A monologue from the play by Euripides

  • NOTE: This monologue is reprinted from The Plays of Euripides in English, vol. ii. Trans. Shelley Dean Milman. London: J.M. Dent & Sons, 1922.
  • HIPPOLYTUS: By a fair semblance to deceive the world,
    Wherefore, O Jove, beneath the solar beams
    That evil, woman, didst thou cause to dwell?
    For if it was thy will the human race
    Should multiply, this ought not by such means
    To be effected: better in thy fane
    Each votary, on presenting brass or steel,
    Or massive ingots of resplendent gold,
    Proportioned to his offering, might from thee
    Obtain a race of sons, and under roofs
    Which genuine freedom visits, unannoyed
    By women, live. But to receive this worst
    Of evils, now no sooner are our doors
    Thrown open than the riches of our house
    We utterly exhaust. How great a pest
    Is woman this one circumstance displays;
    The very father who begot and nurtured,
    A plenteous dower advancing, sends her forth,
    That of such loathed incumbrance he may rid
    His mansions: but the hapless youth, who takes
    This noxious inmate to his bed, exults
    While he caparisons a worthless image,
    In gorgeous ornaments and tissued vests
    Squandering his substance. With some noble race
    He who by wedlock a connection forms
    Is bound by hard necessity to keep
    The loathsome consort; if perchance he gain
    One who is virtuous sprung from worthless sires,
    He by the good compensates for the ills
    Attending such a union. Happier he,
    Unvexed by these embarrassments, whose bride
    Inactive through simplicity, and mild,
    To his abode is like a statue fixed.
    All female wisdom doth my soul abhor.
    Never may the aspiring dame, who grasps
    At knowing more than to her sex belongs,
    Enter my house: for in the subtle breast
    Are deeper stratagems by Venus sewn:
    But she whose reason is too weak to frame
    A plot, from amorous frailties lives secure.
    No female servant ever should attend
    The married dame, she rather ought to dwell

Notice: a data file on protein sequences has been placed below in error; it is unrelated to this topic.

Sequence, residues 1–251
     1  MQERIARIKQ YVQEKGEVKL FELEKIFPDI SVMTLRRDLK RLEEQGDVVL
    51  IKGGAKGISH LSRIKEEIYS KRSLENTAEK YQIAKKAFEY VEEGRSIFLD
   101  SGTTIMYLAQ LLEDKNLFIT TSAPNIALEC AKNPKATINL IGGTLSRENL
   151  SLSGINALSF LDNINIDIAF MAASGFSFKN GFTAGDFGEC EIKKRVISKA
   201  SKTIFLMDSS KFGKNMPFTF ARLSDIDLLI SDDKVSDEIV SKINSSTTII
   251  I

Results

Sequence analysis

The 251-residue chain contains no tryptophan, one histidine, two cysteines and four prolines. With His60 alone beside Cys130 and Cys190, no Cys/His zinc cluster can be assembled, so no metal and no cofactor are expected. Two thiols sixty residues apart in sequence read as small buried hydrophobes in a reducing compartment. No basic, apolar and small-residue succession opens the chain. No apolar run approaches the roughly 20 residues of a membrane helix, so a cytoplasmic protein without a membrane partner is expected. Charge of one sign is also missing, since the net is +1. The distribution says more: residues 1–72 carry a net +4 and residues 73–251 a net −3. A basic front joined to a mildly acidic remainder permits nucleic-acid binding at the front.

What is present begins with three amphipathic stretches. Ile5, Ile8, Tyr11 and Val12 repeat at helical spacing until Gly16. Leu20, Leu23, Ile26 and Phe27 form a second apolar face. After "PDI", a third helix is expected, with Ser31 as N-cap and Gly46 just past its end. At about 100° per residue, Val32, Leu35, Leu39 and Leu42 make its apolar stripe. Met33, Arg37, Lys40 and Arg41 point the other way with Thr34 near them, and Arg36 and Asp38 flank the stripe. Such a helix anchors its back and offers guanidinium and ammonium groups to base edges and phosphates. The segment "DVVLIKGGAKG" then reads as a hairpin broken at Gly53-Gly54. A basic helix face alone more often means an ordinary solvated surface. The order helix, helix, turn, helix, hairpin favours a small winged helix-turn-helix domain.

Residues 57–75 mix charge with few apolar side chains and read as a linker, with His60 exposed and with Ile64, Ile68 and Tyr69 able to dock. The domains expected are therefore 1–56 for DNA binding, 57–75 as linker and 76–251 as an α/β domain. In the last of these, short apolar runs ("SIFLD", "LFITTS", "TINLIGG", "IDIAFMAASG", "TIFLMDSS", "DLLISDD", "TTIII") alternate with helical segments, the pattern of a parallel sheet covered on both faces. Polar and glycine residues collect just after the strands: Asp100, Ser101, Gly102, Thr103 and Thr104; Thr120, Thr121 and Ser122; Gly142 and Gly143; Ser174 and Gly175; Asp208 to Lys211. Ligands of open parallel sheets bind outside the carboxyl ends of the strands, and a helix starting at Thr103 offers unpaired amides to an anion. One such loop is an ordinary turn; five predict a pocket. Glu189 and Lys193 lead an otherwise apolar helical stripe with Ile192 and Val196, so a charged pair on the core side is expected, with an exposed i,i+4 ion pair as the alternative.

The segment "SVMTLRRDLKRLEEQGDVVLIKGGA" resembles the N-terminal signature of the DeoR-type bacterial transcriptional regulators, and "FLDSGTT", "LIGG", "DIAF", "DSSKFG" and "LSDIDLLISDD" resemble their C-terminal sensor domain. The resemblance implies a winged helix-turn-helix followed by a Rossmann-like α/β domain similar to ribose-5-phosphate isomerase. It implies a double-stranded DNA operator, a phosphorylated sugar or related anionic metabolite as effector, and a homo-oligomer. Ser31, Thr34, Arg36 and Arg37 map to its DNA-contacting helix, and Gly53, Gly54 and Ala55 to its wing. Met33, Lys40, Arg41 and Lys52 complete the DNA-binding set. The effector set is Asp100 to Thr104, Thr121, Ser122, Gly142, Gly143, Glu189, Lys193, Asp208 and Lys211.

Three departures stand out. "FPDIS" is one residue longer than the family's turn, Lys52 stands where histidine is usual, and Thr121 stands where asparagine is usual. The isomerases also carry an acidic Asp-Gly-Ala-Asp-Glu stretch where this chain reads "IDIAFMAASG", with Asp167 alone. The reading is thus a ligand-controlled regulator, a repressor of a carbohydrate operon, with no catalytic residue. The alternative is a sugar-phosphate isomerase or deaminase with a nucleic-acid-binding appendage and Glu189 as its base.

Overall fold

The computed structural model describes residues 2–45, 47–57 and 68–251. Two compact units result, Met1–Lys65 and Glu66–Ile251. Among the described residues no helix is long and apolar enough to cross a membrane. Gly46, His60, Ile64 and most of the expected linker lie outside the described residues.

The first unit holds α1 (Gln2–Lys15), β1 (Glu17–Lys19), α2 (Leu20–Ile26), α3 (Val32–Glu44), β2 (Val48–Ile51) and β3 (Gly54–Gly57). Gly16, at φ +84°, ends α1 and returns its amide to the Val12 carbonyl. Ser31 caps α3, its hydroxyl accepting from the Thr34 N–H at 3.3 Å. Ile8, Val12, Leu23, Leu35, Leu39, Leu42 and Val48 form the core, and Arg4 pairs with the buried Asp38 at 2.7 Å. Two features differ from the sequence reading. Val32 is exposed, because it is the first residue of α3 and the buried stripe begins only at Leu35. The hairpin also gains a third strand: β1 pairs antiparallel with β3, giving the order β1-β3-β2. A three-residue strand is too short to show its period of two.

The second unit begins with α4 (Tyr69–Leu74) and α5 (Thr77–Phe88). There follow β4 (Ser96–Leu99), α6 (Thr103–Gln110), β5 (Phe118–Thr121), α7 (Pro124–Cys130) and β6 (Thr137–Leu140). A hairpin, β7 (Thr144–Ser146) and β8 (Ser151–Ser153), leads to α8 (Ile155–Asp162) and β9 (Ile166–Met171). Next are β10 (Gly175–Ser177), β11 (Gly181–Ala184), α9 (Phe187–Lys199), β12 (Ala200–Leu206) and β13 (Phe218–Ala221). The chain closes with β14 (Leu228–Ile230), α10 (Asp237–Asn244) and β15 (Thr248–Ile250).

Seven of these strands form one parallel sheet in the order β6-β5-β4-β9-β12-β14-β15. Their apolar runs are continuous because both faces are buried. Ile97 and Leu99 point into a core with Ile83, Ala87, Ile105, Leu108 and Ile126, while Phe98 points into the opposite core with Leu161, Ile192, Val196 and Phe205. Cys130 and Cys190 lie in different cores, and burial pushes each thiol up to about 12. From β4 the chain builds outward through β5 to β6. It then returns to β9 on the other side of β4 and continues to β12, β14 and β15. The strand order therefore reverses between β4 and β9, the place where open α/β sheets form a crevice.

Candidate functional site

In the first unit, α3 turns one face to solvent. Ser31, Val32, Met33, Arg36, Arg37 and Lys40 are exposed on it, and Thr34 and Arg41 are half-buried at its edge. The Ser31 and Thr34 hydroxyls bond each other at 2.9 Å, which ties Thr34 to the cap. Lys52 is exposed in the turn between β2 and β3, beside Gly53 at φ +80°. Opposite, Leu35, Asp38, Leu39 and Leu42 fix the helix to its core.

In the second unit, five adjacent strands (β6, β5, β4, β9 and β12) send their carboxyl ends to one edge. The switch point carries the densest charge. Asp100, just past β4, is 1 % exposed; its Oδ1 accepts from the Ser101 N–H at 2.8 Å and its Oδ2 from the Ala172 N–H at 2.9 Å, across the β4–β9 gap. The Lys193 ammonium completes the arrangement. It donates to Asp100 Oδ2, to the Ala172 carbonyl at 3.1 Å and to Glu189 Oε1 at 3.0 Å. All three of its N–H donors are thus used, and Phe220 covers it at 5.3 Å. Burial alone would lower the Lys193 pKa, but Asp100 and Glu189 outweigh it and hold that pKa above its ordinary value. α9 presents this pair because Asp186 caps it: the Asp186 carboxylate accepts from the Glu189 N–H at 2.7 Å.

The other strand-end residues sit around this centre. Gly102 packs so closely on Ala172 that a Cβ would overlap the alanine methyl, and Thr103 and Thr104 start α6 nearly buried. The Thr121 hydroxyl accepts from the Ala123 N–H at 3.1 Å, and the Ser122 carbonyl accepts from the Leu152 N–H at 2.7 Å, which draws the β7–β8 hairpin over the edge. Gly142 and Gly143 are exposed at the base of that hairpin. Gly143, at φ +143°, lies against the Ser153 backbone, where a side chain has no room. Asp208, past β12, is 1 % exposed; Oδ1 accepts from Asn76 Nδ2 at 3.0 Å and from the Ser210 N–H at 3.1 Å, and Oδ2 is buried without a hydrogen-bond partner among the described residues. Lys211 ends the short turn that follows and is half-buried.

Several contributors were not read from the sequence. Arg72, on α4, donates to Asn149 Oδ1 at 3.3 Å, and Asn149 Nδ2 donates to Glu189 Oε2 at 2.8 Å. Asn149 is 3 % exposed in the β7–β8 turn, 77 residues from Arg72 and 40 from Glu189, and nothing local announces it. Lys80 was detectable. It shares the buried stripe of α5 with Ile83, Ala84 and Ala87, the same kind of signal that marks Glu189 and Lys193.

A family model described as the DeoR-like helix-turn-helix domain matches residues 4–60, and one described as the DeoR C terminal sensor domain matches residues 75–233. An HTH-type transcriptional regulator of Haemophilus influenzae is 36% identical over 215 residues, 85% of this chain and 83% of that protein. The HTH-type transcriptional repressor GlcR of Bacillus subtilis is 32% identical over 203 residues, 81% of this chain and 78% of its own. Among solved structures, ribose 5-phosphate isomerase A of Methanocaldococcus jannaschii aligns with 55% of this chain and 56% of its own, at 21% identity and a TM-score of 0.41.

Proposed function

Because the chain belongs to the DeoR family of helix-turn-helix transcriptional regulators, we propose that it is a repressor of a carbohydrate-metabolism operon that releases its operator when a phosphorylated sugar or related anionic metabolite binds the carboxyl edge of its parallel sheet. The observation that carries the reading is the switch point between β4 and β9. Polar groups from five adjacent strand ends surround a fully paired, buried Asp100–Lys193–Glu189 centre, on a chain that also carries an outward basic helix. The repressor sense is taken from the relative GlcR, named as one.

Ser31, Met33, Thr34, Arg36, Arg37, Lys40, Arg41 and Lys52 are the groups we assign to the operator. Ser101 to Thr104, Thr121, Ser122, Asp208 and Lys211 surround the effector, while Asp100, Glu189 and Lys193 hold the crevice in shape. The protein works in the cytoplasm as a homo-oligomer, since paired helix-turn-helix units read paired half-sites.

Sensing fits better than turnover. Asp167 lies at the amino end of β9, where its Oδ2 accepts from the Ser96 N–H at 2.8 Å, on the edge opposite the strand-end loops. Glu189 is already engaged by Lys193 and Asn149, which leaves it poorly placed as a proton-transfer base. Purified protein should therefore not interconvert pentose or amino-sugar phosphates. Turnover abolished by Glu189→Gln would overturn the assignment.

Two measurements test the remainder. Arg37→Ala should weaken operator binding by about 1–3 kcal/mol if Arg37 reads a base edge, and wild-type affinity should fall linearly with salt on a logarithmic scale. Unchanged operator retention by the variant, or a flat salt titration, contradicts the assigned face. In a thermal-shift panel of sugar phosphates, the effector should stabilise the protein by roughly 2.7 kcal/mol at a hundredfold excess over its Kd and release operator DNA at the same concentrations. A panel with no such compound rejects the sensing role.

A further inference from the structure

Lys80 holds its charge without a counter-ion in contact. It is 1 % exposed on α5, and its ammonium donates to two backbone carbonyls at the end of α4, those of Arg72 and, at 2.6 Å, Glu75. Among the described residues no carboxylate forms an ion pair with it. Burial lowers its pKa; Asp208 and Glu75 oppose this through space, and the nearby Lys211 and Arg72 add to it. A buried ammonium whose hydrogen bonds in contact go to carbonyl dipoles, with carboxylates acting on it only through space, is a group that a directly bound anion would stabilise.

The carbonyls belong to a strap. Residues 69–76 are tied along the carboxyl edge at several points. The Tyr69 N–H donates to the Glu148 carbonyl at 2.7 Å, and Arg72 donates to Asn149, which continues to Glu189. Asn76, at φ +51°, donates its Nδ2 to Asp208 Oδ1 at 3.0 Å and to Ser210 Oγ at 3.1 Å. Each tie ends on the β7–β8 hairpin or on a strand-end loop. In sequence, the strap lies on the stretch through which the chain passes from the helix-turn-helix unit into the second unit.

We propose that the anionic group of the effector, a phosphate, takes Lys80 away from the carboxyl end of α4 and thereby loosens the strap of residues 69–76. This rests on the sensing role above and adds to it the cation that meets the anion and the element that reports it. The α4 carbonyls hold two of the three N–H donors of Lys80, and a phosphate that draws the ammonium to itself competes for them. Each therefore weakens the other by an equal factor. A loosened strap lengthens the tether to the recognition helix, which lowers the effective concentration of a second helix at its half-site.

Among wild beasts, who are by nature mute,
    Lest she should speak to any, or receive
    Their answers. But the wicked now devise
    Mischief in secret chambers, while abroad
    Their confidants promote it: thus, vile wretch,
    In privacy you came, with me to form
    An impious treaty for surrendering up
    My royal father's unpolluted bed.
    Soon from such horrors in the limpid spring
    My ears will I make pure: how could I rush
    Into the crime itself, when, having heard
    Only the name made mention of, I feel
    As though I some defilement thence had caught?
    Base woman, know 'tis my religion saves
    Your forfeit life, for by a solemn oath
    If to the gods I had not unawares
    Engaged myself, I ne'er would have refrained
    From stating these transactions to my sire;
    But now, while Theseus in a foreign land
    Continues, hence will I depart, and keep
    The strictest silence. But I soon shall see,
    When with my injured father I return,
    How you and your perfidious queen will dare
    To meet his eyes, then fully shall I know
    Your impudence, of which I now have made
    This first essay. Perdition seize you both:
    For with unsatiated abhorrence, still
    'Gainst woman will I speak, though some object
    To my repeating always the same charge:
    For they are ever uniformly wicked:
    Let any one then prove the female sex
    Possest of chastity, or suffer me,
    As heretofore, against them to inveigh.